If you experience any of the symptoms mentioned above and it either doesn’t go away or it goes away and comes back repeatedly, see your primary care doctor. They should refer you to a neurologist for a more in-depth evaluation. “If you're not getting the information that you need, or you feel like your doctor is not listening to you, it's okay to seek a second opinion,” says Dr. Williams. Remember, MS can be diagnosed in otherwise-healthy people so don’t just dismiss your symptoms and assume they’ll go away on their own. “As with almost any disease, certainly with MS, we do want to find out about it early because we can treat it,” adds Dr. Giesser, who notes that MS damage accumulates in the majority of people who have the disease but aren’t treated for it.
How is MS diagnosed?
“It would be nice if we had something for MS that was definitively negative or positive like a pregnancy test,” says Dr. Giesser. Alas, that’s not the case. “We don’t have a surefire test — what we call a pathognomonic test — so we have rules,” says Dr. Giesser. These are the rules that must be met for a diagnosis of multiple sclerosis:
There must be objective evidence of damage in more than one area of the central nervous system (hence the term “multiple”).
“There used to be a rule that you had to have more than one episode — what we call dissemination or multiplicity in time or space — more than one spot and more than one attack,” says Dr. Giesser. “We have some updated criteria which say even if somebody's only had one attack, if they show simultaneous inflamed and non-inflamed spots on an MRI or if they have certain abnormalities in their spinal fluid, that counts for having a second attack.”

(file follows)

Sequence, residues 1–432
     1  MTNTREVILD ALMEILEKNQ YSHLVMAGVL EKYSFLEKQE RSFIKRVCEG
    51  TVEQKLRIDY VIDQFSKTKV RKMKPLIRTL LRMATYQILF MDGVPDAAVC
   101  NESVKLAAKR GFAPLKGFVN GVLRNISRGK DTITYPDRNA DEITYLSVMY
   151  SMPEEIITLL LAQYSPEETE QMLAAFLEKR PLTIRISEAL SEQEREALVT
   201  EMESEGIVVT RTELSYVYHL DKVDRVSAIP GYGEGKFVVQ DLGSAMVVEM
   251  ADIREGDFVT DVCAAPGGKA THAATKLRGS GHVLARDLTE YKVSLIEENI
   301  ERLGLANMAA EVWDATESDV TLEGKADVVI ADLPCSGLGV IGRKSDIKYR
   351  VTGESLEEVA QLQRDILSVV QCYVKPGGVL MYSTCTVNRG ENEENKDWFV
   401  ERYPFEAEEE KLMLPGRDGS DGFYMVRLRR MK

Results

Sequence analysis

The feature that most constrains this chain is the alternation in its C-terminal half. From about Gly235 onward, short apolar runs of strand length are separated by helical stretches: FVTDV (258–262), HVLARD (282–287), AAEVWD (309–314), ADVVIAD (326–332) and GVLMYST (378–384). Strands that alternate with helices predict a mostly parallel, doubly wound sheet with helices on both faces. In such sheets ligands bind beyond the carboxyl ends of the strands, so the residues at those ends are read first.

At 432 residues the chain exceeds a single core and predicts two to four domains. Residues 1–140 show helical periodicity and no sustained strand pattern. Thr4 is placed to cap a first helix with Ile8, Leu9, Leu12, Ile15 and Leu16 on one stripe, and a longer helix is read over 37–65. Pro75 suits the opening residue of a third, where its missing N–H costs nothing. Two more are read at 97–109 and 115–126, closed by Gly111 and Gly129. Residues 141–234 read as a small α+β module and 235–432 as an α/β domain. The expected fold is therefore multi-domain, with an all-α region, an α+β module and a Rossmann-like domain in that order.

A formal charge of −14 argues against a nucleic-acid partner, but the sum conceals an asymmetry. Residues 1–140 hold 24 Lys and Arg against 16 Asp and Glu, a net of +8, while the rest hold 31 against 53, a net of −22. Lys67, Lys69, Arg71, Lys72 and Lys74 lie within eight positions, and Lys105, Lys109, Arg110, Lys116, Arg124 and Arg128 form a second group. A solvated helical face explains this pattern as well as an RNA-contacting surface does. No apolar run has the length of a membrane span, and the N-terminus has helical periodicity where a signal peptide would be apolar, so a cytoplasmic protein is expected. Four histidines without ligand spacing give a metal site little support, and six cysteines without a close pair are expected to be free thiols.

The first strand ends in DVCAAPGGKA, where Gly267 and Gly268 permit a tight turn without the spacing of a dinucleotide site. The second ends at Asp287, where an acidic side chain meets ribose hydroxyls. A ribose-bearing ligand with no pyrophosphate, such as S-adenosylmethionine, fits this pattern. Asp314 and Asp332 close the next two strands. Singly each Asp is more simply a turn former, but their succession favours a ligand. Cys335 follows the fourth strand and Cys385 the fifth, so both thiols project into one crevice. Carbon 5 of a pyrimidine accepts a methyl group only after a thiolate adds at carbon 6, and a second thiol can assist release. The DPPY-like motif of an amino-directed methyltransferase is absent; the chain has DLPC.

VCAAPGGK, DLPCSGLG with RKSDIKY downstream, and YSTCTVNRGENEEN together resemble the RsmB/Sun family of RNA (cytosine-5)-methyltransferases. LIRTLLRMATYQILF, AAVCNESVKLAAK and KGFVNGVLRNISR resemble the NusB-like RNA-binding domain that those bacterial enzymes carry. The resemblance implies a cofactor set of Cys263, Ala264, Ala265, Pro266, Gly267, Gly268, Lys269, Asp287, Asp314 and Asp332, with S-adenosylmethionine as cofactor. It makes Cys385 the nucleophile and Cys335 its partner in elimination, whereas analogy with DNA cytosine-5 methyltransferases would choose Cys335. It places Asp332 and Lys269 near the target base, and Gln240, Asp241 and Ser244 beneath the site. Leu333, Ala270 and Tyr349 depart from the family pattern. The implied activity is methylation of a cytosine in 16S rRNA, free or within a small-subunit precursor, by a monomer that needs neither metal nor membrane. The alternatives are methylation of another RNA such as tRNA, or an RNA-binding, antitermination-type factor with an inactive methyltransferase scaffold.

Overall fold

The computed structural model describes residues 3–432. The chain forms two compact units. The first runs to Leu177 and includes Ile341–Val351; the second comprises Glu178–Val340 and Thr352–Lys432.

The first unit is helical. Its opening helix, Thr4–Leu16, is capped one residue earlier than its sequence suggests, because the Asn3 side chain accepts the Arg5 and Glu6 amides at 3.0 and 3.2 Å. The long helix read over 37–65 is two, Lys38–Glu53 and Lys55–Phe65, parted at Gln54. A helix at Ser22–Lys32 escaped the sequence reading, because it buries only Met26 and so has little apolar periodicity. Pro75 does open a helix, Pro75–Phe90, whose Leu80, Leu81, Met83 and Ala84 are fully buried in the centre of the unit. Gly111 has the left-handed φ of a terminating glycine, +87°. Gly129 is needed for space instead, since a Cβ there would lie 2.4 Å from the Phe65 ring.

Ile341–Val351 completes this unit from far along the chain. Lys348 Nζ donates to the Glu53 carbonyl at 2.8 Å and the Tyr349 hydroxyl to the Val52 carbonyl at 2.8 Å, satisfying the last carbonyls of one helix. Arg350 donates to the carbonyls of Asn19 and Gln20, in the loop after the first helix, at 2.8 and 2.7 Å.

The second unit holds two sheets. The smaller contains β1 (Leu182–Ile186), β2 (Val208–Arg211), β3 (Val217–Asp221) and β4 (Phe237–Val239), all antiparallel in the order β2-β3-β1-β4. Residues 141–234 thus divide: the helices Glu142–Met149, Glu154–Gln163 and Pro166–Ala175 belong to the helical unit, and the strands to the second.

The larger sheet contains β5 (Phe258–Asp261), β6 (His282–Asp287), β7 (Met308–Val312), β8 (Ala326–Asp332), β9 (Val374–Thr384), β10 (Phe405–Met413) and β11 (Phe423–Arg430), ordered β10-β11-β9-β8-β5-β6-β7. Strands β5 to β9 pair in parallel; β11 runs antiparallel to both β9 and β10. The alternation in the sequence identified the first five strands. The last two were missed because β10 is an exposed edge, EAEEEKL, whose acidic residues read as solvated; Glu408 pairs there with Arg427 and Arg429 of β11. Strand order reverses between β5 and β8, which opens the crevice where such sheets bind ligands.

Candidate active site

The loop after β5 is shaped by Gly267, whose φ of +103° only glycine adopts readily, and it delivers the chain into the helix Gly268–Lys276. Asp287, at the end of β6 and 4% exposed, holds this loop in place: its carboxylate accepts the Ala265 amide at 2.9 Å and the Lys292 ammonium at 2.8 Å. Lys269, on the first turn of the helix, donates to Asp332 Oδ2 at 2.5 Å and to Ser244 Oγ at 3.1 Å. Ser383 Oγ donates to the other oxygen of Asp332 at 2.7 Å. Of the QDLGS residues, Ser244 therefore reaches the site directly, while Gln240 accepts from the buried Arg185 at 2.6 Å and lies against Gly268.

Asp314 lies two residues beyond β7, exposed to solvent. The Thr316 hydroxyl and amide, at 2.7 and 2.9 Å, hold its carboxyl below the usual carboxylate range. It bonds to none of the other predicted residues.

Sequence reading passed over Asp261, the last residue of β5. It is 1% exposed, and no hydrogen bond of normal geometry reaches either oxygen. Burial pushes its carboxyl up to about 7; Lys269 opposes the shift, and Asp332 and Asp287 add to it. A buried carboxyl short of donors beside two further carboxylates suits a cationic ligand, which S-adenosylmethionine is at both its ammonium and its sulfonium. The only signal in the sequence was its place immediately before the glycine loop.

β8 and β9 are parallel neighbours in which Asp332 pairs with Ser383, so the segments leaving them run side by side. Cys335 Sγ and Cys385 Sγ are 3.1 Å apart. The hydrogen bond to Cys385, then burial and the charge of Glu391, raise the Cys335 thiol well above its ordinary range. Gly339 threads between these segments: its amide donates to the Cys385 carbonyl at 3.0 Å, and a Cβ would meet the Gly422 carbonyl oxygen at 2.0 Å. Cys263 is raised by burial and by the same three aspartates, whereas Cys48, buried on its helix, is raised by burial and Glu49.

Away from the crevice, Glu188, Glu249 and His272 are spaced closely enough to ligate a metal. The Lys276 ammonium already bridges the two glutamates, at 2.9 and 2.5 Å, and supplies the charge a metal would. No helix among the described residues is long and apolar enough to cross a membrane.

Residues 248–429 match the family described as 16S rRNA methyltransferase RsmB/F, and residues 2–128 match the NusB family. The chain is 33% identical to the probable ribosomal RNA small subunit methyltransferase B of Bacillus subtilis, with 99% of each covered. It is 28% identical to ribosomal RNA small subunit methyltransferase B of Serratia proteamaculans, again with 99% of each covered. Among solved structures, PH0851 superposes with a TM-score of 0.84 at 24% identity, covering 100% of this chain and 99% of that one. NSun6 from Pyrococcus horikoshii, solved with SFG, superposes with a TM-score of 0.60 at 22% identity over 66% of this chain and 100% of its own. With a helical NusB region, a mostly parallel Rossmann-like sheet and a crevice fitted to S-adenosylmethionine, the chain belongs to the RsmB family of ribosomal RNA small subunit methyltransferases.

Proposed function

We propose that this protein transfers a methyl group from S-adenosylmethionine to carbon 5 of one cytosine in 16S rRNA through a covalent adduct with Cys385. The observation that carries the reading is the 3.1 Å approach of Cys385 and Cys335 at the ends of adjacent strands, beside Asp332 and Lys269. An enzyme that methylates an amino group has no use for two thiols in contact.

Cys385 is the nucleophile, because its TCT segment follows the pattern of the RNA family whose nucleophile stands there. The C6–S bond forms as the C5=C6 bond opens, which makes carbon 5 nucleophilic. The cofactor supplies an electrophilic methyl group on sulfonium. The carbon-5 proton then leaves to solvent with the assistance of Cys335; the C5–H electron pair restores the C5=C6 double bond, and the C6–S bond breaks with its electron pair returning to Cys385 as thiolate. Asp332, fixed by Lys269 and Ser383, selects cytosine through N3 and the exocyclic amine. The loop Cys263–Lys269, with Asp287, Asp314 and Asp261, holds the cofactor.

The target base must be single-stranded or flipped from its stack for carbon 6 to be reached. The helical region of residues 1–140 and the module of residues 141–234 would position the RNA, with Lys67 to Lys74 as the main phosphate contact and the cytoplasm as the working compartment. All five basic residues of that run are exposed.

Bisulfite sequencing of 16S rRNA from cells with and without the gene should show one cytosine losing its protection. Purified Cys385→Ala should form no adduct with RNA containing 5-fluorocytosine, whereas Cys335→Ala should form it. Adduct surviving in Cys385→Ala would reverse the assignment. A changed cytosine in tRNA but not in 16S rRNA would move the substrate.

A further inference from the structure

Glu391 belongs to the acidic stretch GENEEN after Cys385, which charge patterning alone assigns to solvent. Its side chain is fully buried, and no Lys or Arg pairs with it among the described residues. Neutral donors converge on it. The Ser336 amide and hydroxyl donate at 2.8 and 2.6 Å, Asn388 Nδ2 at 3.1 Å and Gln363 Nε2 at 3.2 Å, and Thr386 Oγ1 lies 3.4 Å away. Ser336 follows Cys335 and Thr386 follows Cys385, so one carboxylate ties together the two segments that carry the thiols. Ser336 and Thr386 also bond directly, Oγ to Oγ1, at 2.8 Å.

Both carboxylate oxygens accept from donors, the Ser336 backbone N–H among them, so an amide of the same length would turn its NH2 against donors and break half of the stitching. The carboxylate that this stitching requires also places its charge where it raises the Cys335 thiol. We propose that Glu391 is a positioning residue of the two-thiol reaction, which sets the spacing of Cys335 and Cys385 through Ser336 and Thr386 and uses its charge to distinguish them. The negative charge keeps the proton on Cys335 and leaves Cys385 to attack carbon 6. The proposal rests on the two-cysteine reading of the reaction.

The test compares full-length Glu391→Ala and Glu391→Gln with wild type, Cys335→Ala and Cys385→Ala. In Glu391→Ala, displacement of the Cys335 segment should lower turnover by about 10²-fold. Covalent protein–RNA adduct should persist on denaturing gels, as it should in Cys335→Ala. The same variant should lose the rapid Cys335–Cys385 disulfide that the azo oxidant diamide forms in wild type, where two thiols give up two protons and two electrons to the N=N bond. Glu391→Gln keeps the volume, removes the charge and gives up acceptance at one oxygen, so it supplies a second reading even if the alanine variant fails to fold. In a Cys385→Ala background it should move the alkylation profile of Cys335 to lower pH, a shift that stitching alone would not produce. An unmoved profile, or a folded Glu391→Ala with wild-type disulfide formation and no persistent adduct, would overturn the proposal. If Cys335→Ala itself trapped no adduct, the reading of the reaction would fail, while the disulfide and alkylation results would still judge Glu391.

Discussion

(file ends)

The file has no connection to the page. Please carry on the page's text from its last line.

Other reasonable diagnoses must be ruled out.
“It’s important to see a neurologist to get a neurologic exam and they’ll also take a thorough history to see if you’ve had other symptoms in the past that may be typical of multiple sclerosis,” says Dr. Williams. “Then they’ll do an examination to see if you have signs of damage to your nervous system or possibly symptoms that we can pick up as abnormal on your exam that you may not have noticed. The next part is that there are certain tests that can be done.” Like Dr. Giesser said, there isn’t a single test that will tell you if you have MS, but there are blood tests that can pinpoint other conditions or vitamin deficiencies. Additionally, you’ll likely get an MRI of the brain and/or spine to look for internal signs of MS. “Sometimes if there's concern that you may have something else going on, a lumbar puncture or spinal tap and visual testing called visual evoked potentials may be done to rule out other things,” adds Dr. Williams.